Through this mechanism, they pay companies in the global South that have implemented “green” initiatives (making new technological investments or reducing deforestation, for example) and either use the certificate to avoid cutting their own emissions or else sell it to another company. This scheme is not only accepted, but also actively promoted, by both the United Nations and the World Bank.
But carbon trading does not actually fulfill its stated goal of cutting global emissions, since the price of carbon remains too cheap to curb polluter behavior. The study “Carbon Trading—How It Works and Why It Fails” shows that carbon trading allows overall air pollution and climate change to continue to escalate.
Filed under Actions / Protest, Carbon Trading, Climate Change, Ending the Era of Extreme Energy, False Solutions to Climate Change, Forests and Climate Change, Hydroelectric dams, Indigenous Peoples, Land Grabs, Latin America-Caribbean, REDD, UNFCCC, World Bank
Note: Will Hurd, quoted in the article below, is a good friend of Global Justice Ecology Project. His work in Ethiopia was previously a sponsored project of GJEP.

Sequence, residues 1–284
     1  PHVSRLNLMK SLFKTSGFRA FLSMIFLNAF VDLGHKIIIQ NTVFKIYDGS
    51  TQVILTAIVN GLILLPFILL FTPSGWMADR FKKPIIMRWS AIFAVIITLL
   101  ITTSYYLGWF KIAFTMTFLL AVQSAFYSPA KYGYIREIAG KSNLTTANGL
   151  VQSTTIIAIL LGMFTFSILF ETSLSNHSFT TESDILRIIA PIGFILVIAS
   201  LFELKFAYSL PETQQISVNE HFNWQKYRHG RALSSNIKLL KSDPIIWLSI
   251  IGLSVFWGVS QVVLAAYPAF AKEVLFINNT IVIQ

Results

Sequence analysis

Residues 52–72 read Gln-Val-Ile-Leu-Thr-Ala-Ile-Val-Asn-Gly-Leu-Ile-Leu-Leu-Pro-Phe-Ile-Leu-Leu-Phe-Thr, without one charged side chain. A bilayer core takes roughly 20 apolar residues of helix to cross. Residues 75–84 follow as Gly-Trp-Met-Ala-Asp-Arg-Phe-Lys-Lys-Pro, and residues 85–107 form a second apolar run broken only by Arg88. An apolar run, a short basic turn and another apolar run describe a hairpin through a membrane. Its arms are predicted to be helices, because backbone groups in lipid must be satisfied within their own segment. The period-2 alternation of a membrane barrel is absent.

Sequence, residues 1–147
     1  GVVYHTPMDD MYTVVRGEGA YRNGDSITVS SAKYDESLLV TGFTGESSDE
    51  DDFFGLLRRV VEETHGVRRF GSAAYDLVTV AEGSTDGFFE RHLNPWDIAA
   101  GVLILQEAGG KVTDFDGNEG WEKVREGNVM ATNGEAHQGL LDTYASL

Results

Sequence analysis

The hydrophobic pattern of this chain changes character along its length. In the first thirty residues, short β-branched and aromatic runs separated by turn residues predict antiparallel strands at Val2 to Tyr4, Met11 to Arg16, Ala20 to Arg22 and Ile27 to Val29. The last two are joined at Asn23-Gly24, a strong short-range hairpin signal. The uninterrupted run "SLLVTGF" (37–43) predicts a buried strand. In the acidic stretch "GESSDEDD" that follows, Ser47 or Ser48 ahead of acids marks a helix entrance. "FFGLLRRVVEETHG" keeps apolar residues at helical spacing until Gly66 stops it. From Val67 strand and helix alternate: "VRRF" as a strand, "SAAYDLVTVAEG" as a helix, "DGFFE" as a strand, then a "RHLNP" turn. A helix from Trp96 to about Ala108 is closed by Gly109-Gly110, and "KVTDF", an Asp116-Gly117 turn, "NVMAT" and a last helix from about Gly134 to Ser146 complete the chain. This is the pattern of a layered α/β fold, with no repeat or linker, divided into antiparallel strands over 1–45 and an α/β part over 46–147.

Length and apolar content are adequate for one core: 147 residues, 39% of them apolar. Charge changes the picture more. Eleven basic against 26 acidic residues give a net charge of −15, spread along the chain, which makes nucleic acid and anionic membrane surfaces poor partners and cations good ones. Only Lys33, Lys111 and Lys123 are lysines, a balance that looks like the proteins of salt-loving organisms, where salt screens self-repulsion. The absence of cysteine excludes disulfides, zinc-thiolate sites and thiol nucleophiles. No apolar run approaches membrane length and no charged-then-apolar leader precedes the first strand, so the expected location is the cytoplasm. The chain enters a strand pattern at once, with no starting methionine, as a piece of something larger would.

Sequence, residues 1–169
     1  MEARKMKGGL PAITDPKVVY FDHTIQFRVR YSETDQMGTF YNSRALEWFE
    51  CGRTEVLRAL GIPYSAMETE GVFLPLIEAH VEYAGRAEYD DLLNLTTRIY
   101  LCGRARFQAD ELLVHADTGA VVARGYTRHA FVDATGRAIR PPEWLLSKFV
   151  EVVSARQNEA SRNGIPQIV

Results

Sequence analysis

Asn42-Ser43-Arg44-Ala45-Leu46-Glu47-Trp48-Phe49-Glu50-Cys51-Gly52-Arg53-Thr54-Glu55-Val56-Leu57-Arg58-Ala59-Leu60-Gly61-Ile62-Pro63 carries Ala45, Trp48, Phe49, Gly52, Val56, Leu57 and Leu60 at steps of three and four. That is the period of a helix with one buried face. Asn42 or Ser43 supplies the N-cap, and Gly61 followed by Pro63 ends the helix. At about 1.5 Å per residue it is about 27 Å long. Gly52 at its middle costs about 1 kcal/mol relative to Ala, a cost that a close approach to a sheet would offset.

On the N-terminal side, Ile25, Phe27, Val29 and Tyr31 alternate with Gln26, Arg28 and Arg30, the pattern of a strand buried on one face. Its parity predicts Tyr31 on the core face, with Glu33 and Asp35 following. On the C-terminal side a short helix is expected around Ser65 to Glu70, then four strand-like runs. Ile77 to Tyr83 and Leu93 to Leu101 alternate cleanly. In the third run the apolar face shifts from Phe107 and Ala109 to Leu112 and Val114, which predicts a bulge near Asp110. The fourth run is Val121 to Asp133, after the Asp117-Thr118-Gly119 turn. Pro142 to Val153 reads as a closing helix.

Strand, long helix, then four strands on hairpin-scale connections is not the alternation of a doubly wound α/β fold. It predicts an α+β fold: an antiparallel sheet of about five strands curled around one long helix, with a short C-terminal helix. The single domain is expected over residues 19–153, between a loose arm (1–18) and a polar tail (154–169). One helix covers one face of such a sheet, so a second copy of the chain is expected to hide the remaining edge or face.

-The GJEP Team
By Claire Provost, July 17, 2013. Source: The Guardian
A young Karo boy stands above the Omo river near Kolcho village, Ethiopia. Communities in the region claim they suffered abuse. Photo: Dean Krakel/Getty
The UK Department for International Development (DfID) and USAid, the American aid agency, have been accused of ignoring evidence ofhuman rights abuses allegedly linked to their support for a multibillion-dollar social services programme in Ethiopia.
A report published on Wednesday by the US-based thinktank the Oakland Institute details a long list of grievances presented to aid officials from the UK and US by communities in the Lower Omo Valley in southern Ethiopia. They claim they suffered intimidation, beatings, rape, forced evictions and other abuses as a result of the government’s controversial “villagisation” resettlement programme, which seeks to clear land to make way for commercial investments.
“Donor agencies were given highly credible first-hand accounts of serious human rights violations during their field investigation, and they have chosen to steadfastly ignore these accounts,” says the report, written by Will Hurd, an NGO worker who served as a translator for a team of DfID and USAid officials on a visit to the region in January 2012.
Transcripts of parts of these meetings, which have been made public alongside the report, show community members ignored aid officials’ questions about the state of education, development and health clinics, and repeatedly tried to bring the conversation back to the subject of abuse.
Note: With companies like Monsanto, Cargill, DuPont, and PepsiCo involved, it’s easy to get an idea of where this “New Alliance” is headed.
-The GJEP Team